Olmert rejects Syrian calls for peace talks

Click to follow

Ehud Olmert, Israel's Prime Minister, has rejected an appeal from President Bashar Assad to resume peace talks with Syria.

He suggested Mr Assad's overture was prompted by a desire to fend off international sanctions for Damascus's alleged complicity in the murder of the former Lebanese prime minister Rafik Hariri, and its support for radical forces in the Middle East.

"We need to ask ourselves," Mr Olmert told his cabinet yesterday, "why, precisely at this moment, Assad is asking to renew negotiations. The considerations that motivate Assad are not necessarily the considerations that motivate us."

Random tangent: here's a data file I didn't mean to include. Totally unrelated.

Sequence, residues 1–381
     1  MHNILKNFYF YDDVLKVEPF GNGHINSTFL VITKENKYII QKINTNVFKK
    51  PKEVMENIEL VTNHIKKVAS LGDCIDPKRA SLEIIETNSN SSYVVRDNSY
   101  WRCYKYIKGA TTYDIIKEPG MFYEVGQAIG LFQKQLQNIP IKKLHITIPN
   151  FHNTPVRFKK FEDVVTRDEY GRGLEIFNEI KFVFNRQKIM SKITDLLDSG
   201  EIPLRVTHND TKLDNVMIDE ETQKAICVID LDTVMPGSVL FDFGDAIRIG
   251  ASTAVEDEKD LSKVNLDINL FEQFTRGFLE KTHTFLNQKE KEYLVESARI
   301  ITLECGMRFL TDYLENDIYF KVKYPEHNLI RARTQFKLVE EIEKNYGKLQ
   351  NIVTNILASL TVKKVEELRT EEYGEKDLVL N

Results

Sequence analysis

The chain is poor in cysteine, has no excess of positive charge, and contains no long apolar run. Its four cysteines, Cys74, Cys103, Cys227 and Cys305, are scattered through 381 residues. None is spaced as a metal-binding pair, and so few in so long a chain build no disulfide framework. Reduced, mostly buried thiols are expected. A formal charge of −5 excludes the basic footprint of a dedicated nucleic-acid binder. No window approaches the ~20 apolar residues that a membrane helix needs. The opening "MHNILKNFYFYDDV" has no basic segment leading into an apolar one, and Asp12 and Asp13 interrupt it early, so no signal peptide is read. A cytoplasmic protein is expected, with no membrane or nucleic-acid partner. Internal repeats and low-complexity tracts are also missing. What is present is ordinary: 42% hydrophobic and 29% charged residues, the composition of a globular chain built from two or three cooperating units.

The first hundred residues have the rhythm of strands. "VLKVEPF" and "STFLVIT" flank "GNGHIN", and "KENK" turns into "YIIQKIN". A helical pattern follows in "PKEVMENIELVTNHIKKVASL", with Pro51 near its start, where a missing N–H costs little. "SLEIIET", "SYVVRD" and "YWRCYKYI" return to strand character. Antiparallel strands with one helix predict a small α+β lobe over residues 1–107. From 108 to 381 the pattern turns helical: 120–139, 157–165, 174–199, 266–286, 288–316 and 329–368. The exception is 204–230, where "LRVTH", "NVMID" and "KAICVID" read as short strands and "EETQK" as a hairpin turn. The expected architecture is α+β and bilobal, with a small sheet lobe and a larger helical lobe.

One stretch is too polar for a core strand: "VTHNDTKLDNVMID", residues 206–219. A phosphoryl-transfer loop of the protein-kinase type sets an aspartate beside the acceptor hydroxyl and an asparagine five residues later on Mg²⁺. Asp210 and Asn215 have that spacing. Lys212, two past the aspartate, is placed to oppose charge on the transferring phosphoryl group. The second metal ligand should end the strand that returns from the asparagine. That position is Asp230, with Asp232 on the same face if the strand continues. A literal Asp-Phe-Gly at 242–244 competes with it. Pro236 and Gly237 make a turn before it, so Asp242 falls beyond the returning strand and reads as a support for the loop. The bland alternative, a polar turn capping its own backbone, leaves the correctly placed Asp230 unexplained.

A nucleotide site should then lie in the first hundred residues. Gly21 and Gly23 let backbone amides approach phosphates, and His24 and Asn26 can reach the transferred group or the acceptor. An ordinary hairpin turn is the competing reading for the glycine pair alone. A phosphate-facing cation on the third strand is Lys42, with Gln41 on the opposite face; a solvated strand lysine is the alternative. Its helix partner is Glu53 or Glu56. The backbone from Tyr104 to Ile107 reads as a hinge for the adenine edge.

His reaction came after President George Bush rejected a call from the Iraq Study Group to engage with Iran and Syria on broader Middle East issues.

President Assad called on Mr Olmert to heed his calls for negotiations, in an interview with the Italian daily newspaper La Repubblica.

Amir Peretz, Israel's Defence Minister, called for an "urgent debate" to weigh the possibility of severing Syria's ties with Iran, Hizbollah and Hamas. But Mr Olmert's spokeswoman, Miri Eisin, said: "The Syrian government has shown, in actions rather than words, it has no interest in real negotiations."